Kayla McGearty-Anderson

English II

Link to Public Statement by Eight Alabama Clergymen, denouncing Martin Luther King’s efforts

Investigation–Illuminate the Text

Link to annotated version of King’s Letterutilize the attached links, your yellow rhetorical terms sheet, the MLK PowerPoint, and the copy of Letter from Birmingham Jail in the Collections textbook, to enhance your reading of terms, rhetorical devices, and persons mentioned in A Letter from Birmingham Jail.
Link to additional background information and timeline
 

Link to a Dramatic Reading of “Letter from Birmingham Jail”

Link to A Rip in the Iron Curtain: Photos From the Hungarian Revolution, 1956

Revelation 3:14-22New King James Version (NKJV)

The Lukewarm Church

14 “And to the angel of the church of the Laodiceans[a] write,

‘These things says the Amen, the Faithful and True Witness, the Beginning of the creation of God: 15 “I know your works, that you are neither cold nor hot. I could wish you were cold or hot. 16 So then, because you are lukewarm, and neither cold nor hot,[b] I will vomit you out of My mouth.

 

 

English III

Chapter One and Two reading and questions due Monday, April 24th:
Read Chapter One: Traditional Indian Education and European Intrusion (1492-1787) and answer the following questions:
1. According to Raymond Cross, what did traditional Indian education emphasize?
2. According to Dr. Henrietta Whiteman (Mann) what kind of tradition has characterized Native American education?
Read Chapter Two: Federalism and the Indian Treaty Period (1787-1871) and answer the following questions:
1. What words indicating prejudice about Indian peoples are found in the Declaration of Independence?
2. Incorporation of Indian lands into the American property system was part of the 19th century concept of “manifest destiny.” Thomas Jefferson, champion of social agrarian movement, promoted the appropriation of western Indian lands. The Treaty period began and ended with what events, in what years? (see Chronology beginning on page 69.)
3. When did treaties with tribes in Montana begin?
4. How did the territory and later the state of Montana provide for education for Indian tribes?
5. How many Indian reservations and tribes are recognized in Montana?

Chapter 3 &4 Reading and Questions due Tuesday: April 25th.

Chapter Three: The Indian Boarding School (1617-Present) questions:

  1. How does Luther Standing Bear say he and his schoolmates were given their Anglo names?

  2. What assumption was common of American education provided to Indians?

  3. According to Raymond Cross, the one question behind the land question, the education question and the law question for Indian education policy was:?

  4. What type of experience did those who were forced to attend the Carlisle Indian School in Pennsylvania undergo?

  5. What was R.H. Pratt’s mission, and who did he lead?

  6. How did Pratt justify taking Spotted Tail’s children to Carlisle?

  7. Describe two details that show the confusion of the Indian students when sent to the boarding school of Carlisle.

  8. George Horse Capture relates the pride he and his friends have in knowing a relative who went to Carlisle. Who was the one graduate who became well-known, and what is he well-know for? Why would Indians have pride in knowing relatives who went there when, as Horse Capture concludes on page 24, their experience was destructive, traumatic, and shameful?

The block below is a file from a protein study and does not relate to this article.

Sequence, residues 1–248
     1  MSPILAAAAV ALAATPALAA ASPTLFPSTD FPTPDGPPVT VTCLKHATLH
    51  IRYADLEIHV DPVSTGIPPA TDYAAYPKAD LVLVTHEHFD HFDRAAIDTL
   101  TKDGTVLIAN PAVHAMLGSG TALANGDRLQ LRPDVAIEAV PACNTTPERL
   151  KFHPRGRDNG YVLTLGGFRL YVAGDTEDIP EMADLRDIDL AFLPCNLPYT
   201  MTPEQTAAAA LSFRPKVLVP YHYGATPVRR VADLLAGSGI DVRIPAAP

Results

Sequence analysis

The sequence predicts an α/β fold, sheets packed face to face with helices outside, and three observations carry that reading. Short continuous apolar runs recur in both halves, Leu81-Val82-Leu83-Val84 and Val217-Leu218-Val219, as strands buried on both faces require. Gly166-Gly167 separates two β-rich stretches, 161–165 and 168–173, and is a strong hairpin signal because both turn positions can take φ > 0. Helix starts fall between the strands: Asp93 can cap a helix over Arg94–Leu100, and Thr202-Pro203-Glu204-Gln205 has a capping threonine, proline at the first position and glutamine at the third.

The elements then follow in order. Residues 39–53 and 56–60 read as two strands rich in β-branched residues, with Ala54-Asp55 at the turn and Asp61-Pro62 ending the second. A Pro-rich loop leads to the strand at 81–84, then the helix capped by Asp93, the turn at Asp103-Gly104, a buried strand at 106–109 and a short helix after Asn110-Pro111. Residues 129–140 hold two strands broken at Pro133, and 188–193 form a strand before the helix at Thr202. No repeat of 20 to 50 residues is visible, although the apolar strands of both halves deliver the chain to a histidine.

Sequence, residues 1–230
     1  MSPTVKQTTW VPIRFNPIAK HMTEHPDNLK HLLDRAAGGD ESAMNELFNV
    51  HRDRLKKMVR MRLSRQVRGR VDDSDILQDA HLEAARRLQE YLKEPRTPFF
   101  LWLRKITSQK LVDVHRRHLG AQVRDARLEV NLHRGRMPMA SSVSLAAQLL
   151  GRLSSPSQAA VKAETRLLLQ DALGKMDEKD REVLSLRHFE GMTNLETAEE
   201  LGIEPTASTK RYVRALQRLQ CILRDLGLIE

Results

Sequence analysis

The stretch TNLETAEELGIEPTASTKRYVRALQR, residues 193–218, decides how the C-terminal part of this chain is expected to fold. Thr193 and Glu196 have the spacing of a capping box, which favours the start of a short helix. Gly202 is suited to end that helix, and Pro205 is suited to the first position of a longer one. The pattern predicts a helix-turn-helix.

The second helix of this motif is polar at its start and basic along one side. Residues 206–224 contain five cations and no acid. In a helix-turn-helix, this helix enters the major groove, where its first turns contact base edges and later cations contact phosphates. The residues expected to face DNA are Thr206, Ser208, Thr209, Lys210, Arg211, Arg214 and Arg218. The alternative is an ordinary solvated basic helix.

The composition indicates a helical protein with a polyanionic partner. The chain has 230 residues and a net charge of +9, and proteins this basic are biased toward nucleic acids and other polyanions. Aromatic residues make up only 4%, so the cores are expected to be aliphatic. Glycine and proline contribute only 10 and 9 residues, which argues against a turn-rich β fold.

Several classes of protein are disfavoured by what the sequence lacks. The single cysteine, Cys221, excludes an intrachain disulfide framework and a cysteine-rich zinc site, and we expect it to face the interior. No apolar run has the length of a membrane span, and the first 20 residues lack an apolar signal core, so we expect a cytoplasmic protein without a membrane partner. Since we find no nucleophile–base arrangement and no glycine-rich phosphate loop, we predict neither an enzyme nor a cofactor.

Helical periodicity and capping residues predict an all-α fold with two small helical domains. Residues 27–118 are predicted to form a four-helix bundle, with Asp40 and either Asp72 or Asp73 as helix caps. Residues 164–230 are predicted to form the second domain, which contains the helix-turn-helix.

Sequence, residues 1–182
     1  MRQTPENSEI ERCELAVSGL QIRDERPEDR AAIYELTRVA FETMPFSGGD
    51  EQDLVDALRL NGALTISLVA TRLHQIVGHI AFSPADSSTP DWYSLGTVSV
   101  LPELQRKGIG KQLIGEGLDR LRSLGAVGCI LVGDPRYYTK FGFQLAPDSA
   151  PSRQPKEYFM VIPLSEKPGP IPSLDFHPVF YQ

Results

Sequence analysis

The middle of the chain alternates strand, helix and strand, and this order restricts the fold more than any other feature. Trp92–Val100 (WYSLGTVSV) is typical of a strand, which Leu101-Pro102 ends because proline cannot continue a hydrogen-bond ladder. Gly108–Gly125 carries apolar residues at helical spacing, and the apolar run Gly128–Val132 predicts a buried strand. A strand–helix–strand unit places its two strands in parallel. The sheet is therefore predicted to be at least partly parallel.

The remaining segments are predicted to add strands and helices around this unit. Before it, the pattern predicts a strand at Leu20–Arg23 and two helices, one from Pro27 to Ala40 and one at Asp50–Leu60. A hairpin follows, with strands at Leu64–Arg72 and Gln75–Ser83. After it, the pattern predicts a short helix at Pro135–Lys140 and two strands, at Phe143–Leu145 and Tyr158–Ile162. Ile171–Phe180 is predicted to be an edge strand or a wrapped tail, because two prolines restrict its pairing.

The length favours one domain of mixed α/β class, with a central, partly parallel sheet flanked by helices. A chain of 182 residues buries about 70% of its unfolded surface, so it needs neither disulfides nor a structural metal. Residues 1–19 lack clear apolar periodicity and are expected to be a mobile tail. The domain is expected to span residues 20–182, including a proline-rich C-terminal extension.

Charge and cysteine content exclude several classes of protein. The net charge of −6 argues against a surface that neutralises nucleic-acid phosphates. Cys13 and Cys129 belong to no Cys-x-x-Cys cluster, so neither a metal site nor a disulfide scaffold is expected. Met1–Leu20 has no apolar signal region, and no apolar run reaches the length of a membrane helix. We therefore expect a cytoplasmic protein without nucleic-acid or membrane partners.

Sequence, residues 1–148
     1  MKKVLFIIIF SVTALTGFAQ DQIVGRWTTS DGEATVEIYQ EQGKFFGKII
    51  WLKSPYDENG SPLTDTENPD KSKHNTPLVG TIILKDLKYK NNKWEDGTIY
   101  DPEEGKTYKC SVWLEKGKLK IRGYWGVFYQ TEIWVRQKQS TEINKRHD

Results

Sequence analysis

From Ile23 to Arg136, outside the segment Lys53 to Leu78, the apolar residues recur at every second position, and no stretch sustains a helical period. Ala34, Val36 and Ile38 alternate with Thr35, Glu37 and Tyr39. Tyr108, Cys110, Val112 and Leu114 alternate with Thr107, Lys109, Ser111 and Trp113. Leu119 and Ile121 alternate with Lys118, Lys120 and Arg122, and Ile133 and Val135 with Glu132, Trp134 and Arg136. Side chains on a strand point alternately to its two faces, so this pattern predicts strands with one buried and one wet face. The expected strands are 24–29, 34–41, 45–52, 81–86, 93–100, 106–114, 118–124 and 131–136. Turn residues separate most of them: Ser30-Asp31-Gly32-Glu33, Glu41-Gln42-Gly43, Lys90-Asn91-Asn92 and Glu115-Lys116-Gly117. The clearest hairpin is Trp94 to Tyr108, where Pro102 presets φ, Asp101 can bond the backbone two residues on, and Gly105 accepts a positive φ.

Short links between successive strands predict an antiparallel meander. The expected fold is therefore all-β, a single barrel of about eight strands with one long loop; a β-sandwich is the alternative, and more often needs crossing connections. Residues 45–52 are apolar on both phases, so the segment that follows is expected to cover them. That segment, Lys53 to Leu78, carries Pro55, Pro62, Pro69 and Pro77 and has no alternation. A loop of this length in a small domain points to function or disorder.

9. Students from Montana were rounded up and forced to attend Indian Boarding Schools in several states into the 1900s. The BIA began to create schools in Montana after 1900 to allow Indian students to attend an education institution closer to home. Lone Wolf, a Blackfoot, describes being taken from his parents to go to school at Fort Shaw. What happened to the children’s personal belongings? Their hair? Their language? How could such experiences affect the children?

  10. What bright experience does George Horse Capture relate that show his faith and optimism for his people?

Chapter 4: The Allotment Period (1887-1934) questions:

  1. What was the ultimate purpose of the Dawes Act of 1887?

  2. According to Fay & McNickle, what are the different attitudes of Europeans and Indians regarding ownership of land?

  3. Following passage of the Dawes Act, what happened to the reservations then existing?

  4. The Dawes Act gave the President of the United States power to allot tribal lands in designated quantities: 160 acres to each family head, 80 acres to each single person over 18 years and each orphan under 18, and 40 acres to each other single person under 18. If an Indian did not make a selection of land, who would do it for him? What would happen to the surplus land, after existing land owned by a tribe was allotted? (See #5 of the Dawes Act.) How would this act benefit white settlers?

  5. What does the Dawes Act assume about Indians and land that was not always true?

  6. Commissioner of Indian Affairs Morgan stated that the policy of the government in 1890 was to: ?

  7. What result did The Merriam Report find from the allotment policy? (See page 32.)

Upcoming Events

  • May 10, 2017 - May 11, 2017

    Guest Speaker

    Dottie M. Susag from Humanities Montana, introducing Native American Literature.

  • April 29, 2017

    Out of the Darkness Walk

    * Walk to fight Suicide in the Out of the Darkness Walk at the East Helena City Hall. The walk is on Saturday April 29th and will begin at 2:00 pm. Sign-ups and registration for the walk will start Friday, April 21st in front of the counselling office. You can also register online or on the day of the walk.

Kayla McGearty-Anderson's Schedule

  • 8:20-9:10

    Office Hours (English Work Room)

  • 9:15-10:05

    Hall Duty

  • 10:15-11:05

    English 3 (Room 31)

  • 11:10-12:00

    English 2 (Room 32)

  • 12:35-3:15

    English 2/3 (Room 14)